The Orsay Museum, Episode 15

Orsay Museum: Van Gogh Painting
Night Over the Rhone River Valley by Van Gogh

The Orsay Museum in Paris

On today’s episode Elyse takes us to the wonderful Musée
d’Orsay in the heart of Paris. The Orsay is a favorite of
Americans and for good reason: you will see more impressionist
and post-impressionist here than anywhere else in the world.
Manet, Monet, Renoir, Van Gogh, Toulouse-Lautrec, they are all
there and they’re all magnificent. This is the museum for both
people who normally don’t visit art museums, and for the
sophisticated art connoisseurs. Have you been? Did you love it? Are you still undecided? We help you think it through on this episode.
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7 thoughts on “The Orsay Museum, Episode 15”

  1. Another great show…thanks so much. This one is especially meaningful to me as the Musee d’Orsay is my all time favorite thing to see/do in Paris. I make sure that I do at least one pilgrimage per year to Paris and that it always includes a visit to this museum. By now, I think of it as a place where some of my “friends” live and I come to visit certain ones especially. A little over the top I know but still quite true.

    So a couple of comments from listening to you today….I was reminded of a really great book for Americans who love this museum and Paris in general. It’s a long history book called The Greater Journey: Americans in Paris by McCullough. I’m really awful at history but I was able to get through this book because of my love for art and for France…so I managed to pick up a little history, tangentially, I guess.

    I couldn’t agree more about buying your ticket online (and if in a hotel in Paris, you can usually get them to print for you) and I have to plug the restaurant in the museum. I consider that a part of the day’s experience for sure…great food…possible to find something not so expensive if you try a bit…and, surprisingly, the wait staff are actually friendly and helpful….they will work to make sure you enjoy your lunch and have a nice glass of wine to boot.

    Another point of agreement, is the value of seeing all the art if you have the time….I loved seeing and learning about some of the art preceeding and following and even loved the art deco furniture and vases and so on. Obviously I’m a die hard fan but it was great learning about the things I didn’t know also…certainly didn’t know it had a life prior to train station for example.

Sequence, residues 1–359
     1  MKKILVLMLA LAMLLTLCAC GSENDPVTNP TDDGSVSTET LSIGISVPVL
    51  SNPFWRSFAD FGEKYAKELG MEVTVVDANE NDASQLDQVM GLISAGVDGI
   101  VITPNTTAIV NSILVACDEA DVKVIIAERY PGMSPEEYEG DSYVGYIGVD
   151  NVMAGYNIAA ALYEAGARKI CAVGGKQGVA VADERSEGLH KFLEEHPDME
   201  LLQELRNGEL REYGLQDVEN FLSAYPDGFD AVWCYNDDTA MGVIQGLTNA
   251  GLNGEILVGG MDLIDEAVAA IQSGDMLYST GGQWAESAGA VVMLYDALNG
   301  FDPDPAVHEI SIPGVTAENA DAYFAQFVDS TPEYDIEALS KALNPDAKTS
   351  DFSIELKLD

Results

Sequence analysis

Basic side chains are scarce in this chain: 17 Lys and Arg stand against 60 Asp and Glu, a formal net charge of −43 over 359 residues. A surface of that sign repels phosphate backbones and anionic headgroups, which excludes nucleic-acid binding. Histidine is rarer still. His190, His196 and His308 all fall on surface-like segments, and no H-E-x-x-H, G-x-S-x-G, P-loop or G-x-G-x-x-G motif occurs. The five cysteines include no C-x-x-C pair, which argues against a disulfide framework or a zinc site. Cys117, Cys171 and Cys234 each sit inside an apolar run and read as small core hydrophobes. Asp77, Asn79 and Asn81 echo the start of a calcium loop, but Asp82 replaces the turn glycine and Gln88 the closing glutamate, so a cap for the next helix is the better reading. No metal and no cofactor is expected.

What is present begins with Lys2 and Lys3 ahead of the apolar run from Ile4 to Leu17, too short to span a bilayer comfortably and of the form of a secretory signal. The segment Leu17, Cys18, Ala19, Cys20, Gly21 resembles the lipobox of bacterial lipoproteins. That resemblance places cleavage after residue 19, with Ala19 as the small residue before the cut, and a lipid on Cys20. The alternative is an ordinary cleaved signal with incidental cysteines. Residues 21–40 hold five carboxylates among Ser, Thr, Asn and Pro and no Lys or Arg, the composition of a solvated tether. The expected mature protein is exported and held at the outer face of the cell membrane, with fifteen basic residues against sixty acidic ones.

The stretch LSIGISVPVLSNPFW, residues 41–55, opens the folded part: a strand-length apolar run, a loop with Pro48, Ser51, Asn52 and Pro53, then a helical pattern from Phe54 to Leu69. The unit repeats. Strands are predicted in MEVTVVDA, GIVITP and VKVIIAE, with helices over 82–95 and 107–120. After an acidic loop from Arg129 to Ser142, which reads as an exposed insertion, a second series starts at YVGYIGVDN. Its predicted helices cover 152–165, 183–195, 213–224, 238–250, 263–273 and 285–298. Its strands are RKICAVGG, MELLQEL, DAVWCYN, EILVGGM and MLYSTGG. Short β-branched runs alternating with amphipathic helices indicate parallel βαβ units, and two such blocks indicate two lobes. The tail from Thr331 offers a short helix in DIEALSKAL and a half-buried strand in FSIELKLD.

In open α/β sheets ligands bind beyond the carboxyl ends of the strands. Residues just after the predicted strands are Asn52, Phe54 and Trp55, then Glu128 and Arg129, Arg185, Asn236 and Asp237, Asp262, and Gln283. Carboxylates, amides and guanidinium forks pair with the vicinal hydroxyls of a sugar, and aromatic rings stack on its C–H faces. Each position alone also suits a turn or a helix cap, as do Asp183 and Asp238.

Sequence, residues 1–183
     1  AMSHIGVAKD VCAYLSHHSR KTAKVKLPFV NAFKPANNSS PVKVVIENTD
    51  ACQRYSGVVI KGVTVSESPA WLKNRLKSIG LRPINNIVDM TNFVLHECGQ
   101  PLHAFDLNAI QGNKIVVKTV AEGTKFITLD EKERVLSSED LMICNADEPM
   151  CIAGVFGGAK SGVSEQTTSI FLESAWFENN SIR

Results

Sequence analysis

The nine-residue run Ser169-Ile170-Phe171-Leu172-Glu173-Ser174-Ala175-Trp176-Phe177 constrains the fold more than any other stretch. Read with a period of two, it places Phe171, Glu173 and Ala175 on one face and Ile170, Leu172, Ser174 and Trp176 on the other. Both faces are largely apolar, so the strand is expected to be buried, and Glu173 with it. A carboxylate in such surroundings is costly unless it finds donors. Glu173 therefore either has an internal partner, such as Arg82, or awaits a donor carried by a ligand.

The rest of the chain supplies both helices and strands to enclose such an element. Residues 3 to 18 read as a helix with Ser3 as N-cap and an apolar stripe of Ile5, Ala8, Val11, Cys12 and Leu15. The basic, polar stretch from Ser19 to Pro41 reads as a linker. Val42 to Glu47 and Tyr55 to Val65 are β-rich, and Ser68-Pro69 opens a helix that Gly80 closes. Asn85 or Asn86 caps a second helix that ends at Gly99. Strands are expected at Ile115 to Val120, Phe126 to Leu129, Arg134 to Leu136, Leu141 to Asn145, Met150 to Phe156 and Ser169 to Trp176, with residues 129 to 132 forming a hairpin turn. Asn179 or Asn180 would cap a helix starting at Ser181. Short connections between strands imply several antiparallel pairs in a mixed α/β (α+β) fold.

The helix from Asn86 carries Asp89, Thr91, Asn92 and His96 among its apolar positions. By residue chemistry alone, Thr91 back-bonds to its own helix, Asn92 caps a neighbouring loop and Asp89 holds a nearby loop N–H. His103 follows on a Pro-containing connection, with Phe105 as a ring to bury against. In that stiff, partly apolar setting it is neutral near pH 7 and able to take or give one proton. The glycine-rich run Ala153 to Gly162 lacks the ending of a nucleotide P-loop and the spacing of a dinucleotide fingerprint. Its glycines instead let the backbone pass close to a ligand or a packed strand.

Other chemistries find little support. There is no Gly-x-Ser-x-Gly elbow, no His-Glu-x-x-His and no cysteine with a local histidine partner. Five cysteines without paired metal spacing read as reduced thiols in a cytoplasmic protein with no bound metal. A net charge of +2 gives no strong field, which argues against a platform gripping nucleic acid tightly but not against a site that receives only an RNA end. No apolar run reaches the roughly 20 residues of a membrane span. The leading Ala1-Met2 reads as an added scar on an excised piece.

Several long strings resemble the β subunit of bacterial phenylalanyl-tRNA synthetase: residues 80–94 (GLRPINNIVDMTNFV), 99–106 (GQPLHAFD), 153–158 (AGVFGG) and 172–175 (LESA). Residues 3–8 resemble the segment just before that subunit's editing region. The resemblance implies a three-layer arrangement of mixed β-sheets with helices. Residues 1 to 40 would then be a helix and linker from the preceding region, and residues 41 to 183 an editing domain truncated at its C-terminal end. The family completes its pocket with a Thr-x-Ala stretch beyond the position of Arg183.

Anyway thanks for another great podcast Elyse and Annie.

  2. Happy Bastille Day for those of you who are in France now!
    I was at the Orsay late June – the balcony is now open again – you can go outside, sit and take photos. The ice cream vendor wasn’t there the day I was there. You can still take photos with the roman numeral clock next to the cafe.

    I was able to see the Van Gogh / Artaud exhibit with paintings from the US and Amsterdam. It closed July 6th.

      1. Hi Annie
        I just saw the transcript notes to your first podcast. You wanted to know where your listeners are from. I live in the San Francisco Bay Area. I walked today listening to the Food podcast – I enjoyed it a lot (it was a long one so I got in my 10k steps). It was very thorough – full of valuable and interesting info.
        This is my 2nd time listening to your podcasts plus the interview with Chris too. I forget how I found your website. I mentioned before that I just came back from a month in Paris and I find your info so interesting.

  3. I’m with Annie about photos in the Orsay.
    In Italy they have lifted the ban of no photos in the museums and it was fine. I think it makes for a less disruptive experience.

    You are not allowed to take photos in the Orangerie in the area with the Monet paintings. Well, when I was there in December people were doing it anyway because the guards in one room just did not pay attention.

    I get that they want you to buy their postcards and books but in this day and age when everyone has a camera it would be easier if they did like Italy and just lifted the photo ban.

    Love the show and keep up the great work.

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